This is the second in a series of articles on “Cars we have photographed and loved.”
In 1970, if you hankered for a luxurious muscle car built to your specifications, Dodge had a solution, the Challenger. Today, if you want a 70s muscle car that is rare (or even unique) and one that you can restore or upgrade, a Challenger can fulfill your dreams.
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Continue reading “1970 Dodge Challenger R/T SE Hemi Article”
As a photographer, I have shared my images with two artists who have used them as a starting point for some of their work: Sheila Peck in watercolor and Judi Schultze in pastel. Again and again Sheila and Judi amazed me with what they discovered in the scene and how beautifully they expressed their discoveries. Continue reading “Variations on a Scene”
This charming little church sits on a small hill overlooking Route 1, the Ring Road that encircles Iceland. The corrugated metal walls are quite common for country churches constructed after all the trees had been cut. As a photographer I knew about the beauty of Icelandic churches, but I was fascinated to learn about their history and architecture–always grand but never pretentious.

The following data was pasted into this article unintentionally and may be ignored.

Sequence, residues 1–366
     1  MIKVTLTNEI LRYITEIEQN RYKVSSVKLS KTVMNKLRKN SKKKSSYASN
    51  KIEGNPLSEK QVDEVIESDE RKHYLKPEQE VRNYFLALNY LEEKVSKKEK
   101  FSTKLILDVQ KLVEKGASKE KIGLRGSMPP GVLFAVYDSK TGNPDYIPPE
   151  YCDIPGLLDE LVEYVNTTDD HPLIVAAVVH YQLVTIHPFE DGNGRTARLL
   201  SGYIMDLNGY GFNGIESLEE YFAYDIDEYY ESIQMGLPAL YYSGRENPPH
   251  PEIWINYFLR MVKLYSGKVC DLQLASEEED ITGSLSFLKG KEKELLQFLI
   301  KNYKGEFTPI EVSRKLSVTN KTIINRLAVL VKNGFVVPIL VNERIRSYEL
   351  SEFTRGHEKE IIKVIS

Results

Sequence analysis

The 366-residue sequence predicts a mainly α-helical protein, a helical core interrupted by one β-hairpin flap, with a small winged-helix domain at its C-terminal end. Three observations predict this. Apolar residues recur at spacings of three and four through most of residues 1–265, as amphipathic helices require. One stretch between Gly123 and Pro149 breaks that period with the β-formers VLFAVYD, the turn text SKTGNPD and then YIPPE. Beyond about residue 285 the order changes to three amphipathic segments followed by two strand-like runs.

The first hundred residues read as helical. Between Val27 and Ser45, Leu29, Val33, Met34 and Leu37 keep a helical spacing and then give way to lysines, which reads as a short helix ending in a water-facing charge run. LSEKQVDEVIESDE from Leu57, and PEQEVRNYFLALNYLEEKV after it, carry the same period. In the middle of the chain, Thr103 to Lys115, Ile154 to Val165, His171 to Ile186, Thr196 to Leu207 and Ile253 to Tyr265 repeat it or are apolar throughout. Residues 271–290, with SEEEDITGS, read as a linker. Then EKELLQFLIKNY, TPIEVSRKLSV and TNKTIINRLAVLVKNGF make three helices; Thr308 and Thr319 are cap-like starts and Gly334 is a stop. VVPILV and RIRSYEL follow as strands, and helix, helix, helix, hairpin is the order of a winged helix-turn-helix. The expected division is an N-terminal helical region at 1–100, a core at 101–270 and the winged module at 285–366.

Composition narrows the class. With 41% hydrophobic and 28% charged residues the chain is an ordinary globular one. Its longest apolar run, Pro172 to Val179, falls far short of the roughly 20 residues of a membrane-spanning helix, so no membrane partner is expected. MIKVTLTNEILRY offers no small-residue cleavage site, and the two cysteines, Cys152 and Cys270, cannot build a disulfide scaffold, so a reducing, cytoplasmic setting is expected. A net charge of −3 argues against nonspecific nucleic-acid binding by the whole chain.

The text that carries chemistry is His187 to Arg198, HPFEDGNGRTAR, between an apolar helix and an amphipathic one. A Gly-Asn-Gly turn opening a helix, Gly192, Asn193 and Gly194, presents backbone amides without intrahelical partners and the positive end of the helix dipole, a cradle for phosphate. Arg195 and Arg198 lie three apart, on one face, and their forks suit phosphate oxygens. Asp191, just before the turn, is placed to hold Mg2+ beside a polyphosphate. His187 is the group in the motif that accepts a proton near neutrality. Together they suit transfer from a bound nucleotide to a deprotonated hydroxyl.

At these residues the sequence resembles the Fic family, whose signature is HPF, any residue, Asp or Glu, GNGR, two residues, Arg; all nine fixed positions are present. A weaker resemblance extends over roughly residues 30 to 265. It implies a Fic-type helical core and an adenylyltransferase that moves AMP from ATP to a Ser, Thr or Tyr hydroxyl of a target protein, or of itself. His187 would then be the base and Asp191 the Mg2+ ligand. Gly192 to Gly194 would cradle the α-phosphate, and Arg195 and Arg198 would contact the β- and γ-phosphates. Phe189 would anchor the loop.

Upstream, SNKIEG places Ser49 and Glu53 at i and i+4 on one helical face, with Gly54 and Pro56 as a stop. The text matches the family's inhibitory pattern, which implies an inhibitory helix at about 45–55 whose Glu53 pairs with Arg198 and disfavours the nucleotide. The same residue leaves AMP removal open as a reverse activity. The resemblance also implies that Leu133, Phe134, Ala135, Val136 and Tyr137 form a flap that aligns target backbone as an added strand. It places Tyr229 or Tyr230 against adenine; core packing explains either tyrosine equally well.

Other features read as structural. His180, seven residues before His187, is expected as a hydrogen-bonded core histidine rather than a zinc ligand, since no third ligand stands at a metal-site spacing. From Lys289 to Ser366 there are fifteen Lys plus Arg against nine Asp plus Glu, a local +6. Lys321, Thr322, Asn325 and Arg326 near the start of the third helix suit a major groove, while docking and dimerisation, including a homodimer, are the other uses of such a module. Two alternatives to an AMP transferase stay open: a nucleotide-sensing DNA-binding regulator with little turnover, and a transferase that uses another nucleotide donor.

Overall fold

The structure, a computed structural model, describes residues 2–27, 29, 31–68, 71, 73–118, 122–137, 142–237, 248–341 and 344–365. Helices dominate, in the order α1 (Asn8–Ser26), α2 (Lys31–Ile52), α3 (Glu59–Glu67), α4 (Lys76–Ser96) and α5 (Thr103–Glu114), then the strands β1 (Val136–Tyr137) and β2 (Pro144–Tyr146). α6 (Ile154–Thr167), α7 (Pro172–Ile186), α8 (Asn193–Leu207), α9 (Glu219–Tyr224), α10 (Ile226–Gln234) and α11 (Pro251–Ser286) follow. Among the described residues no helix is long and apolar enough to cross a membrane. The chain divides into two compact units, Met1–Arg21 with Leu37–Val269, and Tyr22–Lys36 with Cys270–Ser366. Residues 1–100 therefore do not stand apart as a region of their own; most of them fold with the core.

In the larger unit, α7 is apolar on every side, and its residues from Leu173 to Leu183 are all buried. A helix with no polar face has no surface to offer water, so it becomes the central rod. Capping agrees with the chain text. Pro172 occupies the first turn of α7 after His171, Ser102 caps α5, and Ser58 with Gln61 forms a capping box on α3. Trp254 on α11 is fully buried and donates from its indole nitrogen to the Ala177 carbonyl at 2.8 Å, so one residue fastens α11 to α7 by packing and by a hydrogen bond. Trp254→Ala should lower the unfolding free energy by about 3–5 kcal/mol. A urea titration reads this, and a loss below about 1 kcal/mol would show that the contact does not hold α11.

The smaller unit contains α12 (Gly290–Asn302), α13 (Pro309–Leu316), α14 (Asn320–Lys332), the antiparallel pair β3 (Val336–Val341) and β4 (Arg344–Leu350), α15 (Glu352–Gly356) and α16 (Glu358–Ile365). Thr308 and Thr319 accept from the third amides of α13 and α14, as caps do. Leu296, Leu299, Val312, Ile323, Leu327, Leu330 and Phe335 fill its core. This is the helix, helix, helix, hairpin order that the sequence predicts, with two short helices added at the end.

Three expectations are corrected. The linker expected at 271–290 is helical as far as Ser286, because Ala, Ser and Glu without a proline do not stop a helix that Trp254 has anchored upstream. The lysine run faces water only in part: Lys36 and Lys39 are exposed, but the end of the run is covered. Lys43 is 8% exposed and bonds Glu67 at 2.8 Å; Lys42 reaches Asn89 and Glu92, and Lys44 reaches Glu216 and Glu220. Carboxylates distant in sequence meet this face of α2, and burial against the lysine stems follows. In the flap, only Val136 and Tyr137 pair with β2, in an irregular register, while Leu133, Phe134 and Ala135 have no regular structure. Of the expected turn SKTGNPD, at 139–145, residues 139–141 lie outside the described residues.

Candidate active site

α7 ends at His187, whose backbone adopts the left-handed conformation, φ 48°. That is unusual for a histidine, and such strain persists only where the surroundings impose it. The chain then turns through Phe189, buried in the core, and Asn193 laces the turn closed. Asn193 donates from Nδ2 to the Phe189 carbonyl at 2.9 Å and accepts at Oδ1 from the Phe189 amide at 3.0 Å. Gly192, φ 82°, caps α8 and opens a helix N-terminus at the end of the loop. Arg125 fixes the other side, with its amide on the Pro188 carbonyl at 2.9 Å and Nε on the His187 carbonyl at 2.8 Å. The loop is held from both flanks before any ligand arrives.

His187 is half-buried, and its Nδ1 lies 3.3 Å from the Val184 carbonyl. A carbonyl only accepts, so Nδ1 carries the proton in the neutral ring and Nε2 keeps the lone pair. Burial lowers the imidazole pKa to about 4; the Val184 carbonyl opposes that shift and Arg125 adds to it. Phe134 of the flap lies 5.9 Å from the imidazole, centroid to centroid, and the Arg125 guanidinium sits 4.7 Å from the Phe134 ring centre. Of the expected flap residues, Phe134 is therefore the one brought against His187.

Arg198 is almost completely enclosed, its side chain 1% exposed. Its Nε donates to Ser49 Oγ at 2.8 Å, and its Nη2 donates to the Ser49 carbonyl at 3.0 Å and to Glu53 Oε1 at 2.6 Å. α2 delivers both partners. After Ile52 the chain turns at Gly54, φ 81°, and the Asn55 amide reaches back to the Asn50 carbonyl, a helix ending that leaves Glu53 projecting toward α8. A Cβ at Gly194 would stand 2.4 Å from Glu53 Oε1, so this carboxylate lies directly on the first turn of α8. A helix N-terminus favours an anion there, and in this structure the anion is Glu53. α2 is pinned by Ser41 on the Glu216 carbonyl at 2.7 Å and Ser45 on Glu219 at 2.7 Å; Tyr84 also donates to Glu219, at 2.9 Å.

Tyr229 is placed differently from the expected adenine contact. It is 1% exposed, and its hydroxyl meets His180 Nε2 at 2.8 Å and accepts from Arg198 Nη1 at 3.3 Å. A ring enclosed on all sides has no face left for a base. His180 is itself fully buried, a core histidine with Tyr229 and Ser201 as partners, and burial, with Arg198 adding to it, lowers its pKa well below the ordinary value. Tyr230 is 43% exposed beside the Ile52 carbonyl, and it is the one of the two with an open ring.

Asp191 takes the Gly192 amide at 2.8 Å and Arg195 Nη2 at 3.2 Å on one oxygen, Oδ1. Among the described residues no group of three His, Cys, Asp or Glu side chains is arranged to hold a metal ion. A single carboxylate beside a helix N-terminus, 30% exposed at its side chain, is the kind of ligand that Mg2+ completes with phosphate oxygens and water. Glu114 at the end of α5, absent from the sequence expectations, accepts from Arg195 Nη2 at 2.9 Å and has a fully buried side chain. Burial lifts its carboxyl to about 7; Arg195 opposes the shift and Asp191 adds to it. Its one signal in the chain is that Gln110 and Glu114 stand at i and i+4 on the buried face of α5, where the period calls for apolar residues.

Urriðafoss is a wide waterfall in southwestern Iceland, just off the Ring Road. Though not a candidate for most people´s bucket list, it does provide a show of what happens when glacial runoff reaches volcanic rock. Hard to get a good picture in the pouring rain.
I am not a sports photographer, but when an international-level event comes down my street, I break out the cameras and walk the 25 steps necessary to make some images. Last Saturday, Stage 6 of the USA Pro Cycling Challenge raced around the corner nearest my house. (See the photos below.) Continue reading “Learning Sports Photography Hands-On”
The lighthouse is Stafnesviti (“viti” is Icelandic for “lighthouse”, so I suppose I’m being redundant. The lighthouse is certainly not redundant, given the number of shipwrecks along the west edge of the Reykjanes peninsula (redundant again because “nes” means peninsula). To continue my linguistic trend, I guess I should show a picture of the “big Rio Grande river”.